Thundery black clouds had borne down on us from the direction of the city,
and the rain from them had fallen in streaks the thickness of a fountain pen.
Ibuse's documentary novel Black Rain is his widely acclaimed masterpiece about the aftermath of Hiroshima, expressed through the diaries of two survivors, Shigematsu and his niece, Yasuko. Shigematsu uses the diaries to try to prove that Yasuko is marriage-worthy, untainted by any poisonous fallout. Ibuse's tale recounts the lives of innocent, ordinary people irreparably altered by the dropping of the bomb; the immediate death of many; the chronic illness and subsequent discrimination that the survivors endured within the Japanese community. Shigematsu's journal makes up a large portion of the novel and is a record of an actual person; Yasuko's memoir is the author's invention.
I washed my hands at the ornamental spring, but even rubbing at the marks with soap couldn't get them off. They were stuck fast on the skin. It was most odd. I showed them to Uncle Shigematsu, who said, " It could be the oil from an oil bomb, after all. I wonder if it wasn't an oil bomb they dropped, then?"
Ibuse uses a matrix of themes that include violent natural and historical forces, estrangement and ambivalence, the sufferings of war, the strengths of victims cast aside, the traditional spirituality in commemoration of the dead. His novelistic values are rooted in Japanese tradition, depicting village lives with their unpretentious mix of customs, prejudices, and peculiarities; he smoothly contrasts humor with horror, dystopia with hope.
Reading Black Rain had the surrealistic effect of an apocalyptic science fiction - the construction of a natural world annihilated by a cataclysmic event that, had the reader been 'born yesterday', and therefore not privy to this world's history, would have suspended all ideas of reality and the belief in humanity.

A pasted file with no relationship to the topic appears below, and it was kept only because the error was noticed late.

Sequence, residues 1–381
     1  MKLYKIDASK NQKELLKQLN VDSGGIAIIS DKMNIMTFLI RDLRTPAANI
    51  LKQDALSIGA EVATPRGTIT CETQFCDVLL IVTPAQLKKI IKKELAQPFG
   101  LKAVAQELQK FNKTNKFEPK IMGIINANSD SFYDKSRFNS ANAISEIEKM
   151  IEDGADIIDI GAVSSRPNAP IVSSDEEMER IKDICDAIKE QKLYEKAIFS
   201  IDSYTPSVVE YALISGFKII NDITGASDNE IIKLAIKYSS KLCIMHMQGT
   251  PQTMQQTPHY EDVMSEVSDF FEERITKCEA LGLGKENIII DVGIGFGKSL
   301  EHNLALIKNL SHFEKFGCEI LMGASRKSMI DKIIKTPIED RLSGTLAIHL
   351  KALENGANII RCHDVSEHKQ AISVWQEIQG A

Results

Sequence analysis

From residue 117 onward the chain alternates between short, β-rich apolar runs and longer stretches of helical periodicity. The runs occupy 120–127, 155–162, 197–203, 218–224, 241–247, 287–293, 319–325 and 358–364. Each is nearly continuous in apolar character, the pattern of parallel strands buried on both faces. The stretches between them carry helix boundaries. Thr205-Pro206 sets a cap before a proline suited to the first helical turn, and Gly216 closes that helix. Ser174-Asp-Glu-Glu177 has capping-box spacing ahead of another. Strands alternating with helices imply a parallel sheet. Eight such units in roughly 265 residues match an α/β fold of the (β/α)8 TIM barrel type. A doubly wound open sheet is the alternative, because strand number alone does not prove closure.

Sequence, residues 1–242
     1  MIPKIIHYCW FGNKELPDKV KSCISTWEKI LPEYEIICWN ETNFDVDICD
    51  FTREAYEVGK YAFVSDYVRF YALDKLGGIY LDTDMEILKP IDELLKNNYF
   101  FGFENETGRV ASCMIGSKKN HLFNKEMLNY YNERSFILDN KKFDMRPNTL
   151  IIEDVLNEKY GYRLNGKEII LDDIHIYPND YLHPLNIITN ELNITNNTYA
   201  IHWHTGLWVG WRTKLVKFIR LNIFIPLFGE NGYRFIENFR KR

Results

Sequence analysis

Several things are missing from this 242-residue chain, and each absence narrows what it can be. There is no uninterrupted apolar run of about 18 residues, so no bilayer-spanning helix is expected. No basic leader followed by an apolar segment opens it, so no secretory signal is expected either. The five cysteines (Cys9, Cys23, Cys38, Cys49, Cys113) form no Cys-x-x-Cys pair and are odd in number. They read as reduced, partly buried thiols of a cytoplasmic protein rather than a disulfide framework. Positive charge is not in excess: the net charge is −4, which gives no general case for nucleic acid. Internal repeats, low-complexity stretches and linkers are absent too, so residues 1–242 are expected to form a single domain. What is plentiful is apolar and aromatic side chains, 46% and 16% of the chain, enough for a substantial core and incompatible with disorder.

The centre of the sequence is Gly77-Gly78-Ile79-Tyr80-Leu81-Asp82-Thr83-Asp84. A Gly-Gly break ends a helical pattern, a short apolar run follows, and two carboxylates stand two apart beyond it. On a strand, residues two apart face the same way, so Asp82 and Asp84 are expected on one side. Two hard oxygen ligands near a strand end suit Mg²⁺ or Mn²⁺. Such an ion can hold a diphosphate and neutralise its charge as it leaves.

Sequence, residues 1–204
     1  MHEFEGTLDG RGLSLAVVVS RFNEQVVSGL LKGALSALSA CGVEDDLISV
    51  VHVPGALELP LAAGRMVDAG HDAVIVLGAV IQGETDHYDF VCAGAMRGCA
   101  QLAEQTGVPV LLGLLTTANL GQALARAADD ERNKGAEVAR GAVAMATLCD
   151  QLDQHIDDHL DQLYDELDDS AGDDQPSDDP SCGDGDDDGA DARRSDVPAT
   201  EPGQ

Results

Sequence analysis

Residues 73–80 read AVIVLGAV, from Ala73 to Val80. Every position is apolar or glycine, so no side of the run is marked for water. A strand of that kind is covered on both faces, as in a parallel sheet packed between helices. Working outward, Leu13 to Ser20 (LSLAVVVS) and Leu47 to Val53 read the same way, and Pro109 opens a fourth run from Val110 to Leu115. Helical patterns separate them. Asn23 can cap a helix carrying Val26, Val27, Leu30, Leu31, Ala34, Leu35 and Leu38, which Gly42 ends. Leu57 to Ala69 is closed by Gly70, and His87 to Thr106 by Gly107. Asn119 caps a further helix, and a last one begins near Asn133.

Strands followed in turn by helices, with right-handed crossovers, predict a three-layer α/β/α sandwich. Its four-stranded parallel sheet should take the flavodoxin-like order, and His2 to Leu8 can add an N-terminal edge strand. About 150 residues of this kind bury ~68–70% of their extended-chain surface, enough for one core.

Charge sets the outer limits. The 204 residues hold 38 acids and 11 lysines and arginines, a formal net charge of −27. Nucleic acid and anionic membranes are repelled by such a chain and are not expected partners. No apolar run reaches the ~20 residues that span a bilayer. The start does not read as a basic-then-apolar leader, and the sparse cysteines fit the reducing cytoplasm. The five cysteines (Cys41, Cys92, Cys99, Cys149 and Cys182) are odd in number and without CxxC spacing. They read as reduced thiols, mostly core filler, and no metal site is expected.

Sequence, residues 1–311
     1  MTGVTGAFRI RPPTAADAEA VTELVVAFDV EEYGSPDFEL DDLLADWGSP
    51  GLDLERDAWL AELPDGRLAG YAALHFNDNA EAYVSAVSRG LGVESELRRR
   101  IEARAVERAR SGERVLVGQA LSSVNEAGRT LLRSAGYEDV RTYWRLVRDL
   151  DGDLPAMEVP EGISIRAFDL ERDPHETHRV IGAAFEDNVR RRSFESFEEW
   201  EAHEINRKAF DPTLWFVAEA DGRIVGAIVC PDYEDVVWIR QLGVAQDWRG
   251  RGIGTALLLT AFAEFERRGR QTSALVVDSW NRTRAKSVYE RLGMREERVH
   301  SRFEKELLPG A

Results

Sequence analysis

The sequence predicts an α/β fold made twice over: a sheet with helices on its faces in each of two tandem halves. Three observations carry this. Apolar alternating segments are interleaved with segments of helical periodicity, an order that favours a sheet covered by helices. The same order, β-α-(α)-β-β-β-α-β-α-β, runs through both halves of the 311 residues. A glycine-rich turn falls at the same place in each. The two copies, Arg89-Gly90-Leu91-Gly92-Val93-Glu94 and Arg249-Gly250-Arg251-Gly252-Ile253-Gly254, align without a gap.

...the correct name for the thing that had caused the monstrous flash-and-bang over the city.. An 'atomic bomb'... It gives off a terrific radiation...They say nothing'll grow in Hiroshima or Nagasaki for another seventy-five years.
Ibuse measures his storytelling with understatement and elusiveness, but despite this deceptive muteness and almost emotionally leveled prose, the depiction of the effects of the aftermath on the survivors is acidic. It is precisely from this unsettling degree of 'soft-spokeness' that the power of Black Rain, to evoke the horror of a nuclear event, is drawn. Noticeably, too, is the absence of the author's own point of view of the bombing, making the scope of the tragedy even greater when left to the reader's personal interpretation.
Wouldn't it have been possible to surrender before the bomb had been dropped?
I hated war. Who cared , after all, which side won? The only important thing was to end it all soon as possible: rather an unjust peace, than a 'just' war.
Even after realizing the inevitable cycle of death around him, Shigematsu whispers words tainted with a small spark of hope:"If a rainbow appears over those hills now, a miracle will happen," he prophesied to himself. "Let a rainbow appear- not a white one - but one of many hues- and Yasuko can be cured."
That is the spirit of the survivor!
I highly recommend this subtle, evocative novel. Also see its film adaptation Kuroi Ame (1989)http://m.youtube.com/watch?v=XWzbTQTkVnc
From Pools of Water Pillars of Fire The Literature of Ibuse Masuji by John Whittier Treat, p.208:
Ibuse wanted to make sense out of Hiroshima, to find a way to make it fit into some greater truth, but : "I asked myself: Why did this happen? Everything seemed senseless... There was no justice, no humanity, no anything in what happened. Everyone died... it was too terrible."